Let's go back to high school for a moment. In algebra class, the instructor began by teaching many different manipulations, such as "add the same value to both sides of the equation" or "the commutative property of addition allows us to swap its operands." This went on for several weeks, at which point the teacher switched gears and handed you a paragraph that started off, "A train leaves New York heading west. . . ." After the initial panic (the effects of which you may still feel as you read the previous sentence), you settled down and expressed the problem in terms of an algebraic equation. You then applied the rules of algebra to the equation to arrive at an answer.
Design patterns are the word problems of the programming world; refactoring is its algebra. After having read Design Patterns [DP], you reach a point where you say to yourself, "If I had only known this pattern, my system would be so much cleaner today." The book you are holding introduces you to several sample problems, with solutions expressed in the operations of refactoring.
Many people will read this book and try to memorize the steps to implement these patterns. Others will read this book and clamor for these larger refactorings to be added to existing programming tools. Both of these approaches are misguided. The true value of this book lies not in the actual steps to achieve a particular pattern but in understanding the thought processes that lead to those steps. By learning to think in the algebra of refactoring, you learn to solve design problems in behavior-preserving steps, and you are not bound by the small subset of actual problems that this book represents.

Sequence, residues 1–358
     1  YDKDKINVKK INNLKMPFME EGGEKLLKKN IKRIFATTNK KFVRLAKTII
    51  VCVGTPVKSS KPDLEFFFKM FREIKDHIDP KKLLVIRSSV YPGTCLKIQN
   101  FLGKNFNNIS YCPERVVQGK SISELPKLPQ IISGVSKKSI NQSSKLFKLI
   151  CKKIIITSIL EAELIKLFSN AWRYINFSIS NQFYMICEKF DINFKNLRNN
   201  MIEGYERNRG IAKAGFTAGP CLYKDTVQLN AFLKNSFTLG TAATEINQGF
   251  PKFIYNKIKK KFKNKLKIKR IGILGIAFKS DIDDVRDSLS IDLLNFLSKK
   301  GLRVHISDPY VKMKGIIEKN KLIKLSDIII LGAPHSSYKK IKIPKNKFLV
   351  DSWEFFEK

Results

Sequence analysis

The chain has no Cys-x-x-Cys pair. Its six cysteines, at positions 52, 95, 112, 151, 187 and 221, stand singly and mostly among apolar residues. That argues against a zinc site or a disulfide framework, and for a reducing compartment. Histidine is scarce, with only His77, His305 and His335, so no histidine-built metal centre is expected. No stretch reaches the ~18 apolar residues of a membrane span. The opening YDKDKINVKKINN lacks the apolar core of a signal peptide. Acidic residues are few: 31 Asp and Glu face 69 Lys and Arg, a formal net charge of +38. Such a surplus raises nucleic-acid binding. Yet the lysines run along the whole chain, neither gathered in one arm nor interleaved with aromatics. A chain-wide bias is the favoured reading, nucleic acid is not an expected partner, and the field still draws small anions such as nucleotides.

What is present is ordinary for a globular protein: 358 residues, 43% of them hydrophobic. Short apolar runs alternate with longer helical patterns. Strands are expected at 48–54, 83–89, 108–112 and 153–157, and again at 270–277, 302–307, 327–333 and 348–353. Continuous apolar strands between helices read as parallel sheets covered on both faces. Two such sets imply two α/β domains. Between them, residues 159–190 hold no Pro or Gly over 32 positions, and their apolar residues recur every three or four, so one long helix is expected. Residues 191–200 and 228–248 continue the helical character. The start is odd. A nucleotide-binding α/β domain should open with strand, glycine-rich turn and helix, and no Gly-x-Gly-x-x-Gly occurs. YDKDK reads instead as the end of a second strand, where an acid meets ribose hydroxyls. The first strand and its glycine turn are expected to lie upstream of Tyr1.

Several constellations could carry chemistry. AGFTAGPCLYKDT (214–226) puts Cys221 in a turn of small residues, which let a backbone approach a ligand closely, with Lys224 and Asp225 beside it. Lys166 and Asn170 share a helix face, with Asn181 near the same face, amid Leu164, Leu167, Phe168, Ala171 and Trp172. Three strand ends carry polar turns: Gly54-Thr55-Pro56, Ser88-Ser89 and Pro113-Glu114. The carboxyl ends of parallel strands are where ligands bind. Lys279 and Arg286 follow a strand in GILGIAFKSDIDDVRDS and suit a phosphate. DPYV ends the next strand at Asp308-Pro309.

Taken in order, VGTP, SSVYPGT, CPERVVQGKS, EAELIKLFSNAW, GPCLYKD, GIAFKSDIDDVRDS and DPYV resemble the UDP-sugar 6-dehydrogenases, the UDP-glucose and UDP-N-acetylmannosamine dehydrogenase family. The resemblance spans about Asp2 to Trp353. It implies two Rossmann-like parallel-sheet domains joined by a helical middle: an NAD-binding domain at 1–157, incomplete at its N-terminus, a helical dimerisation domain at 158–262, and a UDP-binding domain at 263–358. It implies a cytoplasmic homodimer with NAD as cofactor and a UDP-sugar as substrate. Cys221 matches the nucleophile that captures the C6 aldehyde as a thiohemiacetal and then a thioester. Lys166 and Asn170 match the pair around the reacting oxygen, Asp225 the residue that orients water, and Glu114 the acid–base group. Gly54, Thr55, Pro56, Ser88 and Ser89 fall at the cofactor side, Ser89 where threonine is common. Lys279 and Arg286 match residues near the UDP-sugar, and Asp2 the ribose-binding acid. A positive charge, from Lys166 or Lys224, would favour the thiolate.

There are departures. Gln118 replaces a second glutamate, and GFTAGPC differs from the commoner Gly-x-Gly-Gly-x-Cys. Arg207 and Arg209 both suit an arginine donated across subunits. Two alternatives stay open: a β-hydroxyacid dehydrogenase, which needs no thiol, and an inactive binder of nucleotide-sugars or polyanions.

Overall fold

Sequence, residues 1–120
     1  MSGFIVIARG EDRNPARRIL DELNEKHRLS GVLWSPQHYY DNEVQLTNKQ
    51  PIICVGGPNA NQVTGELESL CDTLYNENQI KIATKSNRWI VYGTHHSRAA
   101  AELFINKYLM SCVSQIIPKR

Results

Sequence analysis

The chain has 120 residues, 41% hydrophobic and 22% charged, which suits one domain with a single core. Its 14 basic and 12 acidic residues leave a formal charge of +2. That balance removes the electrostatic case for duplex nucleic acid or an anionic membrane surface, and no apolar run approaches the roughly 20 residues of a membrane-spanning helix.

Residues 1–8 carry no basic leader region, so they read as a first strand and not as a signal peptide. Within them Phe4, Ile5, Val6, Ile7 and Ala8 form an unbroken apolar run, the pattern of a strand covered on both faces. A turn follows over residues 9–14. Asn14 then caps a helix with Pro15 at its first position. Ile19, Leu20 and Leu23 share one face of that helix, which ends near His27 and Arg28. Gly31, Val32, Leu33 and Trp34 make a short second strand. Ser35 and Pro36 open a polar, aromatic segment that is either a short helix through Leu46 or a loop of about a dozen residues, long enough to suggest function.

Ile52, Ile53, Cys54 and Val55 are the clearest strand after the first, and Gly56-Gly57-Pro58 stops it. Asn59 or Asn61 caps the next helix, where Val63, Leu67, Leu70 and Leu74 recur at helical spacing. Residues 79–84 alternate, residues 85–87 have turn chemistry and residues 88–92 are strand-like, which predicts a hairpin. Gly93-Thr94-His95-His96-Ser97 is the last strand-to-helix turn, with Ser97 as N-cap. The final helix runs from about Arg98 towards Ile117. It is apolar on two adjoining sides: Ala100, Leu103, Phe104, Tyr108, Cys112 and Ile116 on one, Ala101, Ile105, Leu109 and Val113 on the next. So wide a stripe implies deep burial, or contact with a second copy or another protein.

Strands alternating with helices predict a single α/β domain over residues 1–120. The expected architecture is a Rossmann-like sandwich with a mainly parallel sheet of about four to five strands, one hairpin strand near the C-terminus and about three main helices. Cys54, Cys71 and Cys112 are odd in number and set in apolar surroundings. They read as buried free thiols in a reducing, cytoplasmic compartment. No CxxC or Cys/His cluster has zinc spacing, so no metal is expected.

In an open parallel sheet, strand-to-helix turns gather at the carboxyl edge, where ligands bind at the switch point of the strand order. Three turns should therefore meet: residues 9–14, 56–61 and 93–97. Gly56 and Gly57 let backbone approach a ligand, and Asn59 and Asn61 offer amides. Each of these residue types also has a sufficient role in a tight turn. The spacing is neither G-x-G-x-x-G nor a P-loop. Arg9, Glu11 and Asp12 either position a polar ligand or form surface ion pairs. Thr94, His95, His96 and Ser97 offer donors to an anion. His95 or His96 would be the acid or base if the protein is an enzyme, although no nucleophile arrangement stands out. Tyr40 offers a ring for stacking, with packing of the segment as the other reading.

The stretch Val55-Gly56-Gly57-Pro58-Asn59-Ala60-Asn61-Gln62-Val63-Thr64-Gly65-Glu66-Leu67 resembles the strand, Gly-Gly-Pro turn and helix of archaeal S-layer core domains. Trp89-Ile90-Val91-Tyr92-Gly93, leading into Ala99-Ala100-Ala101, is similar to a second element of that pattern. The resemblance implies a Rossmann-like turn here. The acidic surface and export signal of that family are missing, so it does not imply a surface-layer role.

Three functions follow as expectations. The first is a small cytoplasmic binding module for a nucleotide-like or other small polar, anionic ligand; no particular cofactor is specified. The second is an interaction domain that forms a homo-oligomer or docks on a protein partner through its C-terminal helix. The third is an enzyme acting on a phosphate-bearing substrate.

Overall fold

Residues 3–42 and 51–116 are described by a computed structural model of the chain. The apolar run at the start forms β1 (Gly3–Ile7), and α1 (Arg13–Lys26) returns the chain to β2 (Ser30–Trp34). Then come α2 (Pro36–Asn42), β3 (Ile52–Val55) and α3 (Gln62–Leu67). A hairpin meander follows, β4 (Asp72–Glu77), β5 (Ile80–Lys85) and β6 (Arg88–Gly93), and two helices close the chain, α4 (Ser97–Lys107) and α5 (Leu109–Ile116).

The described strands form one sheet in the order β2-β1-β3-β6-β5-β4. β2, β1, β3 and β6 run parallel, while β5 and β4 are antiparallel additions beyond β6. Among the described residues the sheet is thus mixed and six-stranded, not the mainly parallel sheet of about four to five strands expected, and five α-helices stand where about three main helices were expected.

So take these exemplars that Josh has laid out for you. Study them. Find the underlying patterns of refactoring that are occurring. Seek the insights that led to the particular steps. Don't use this as a reference book, but as a primer.
John Brant and Don Roberts
Cocreators of the world's first refactoring browser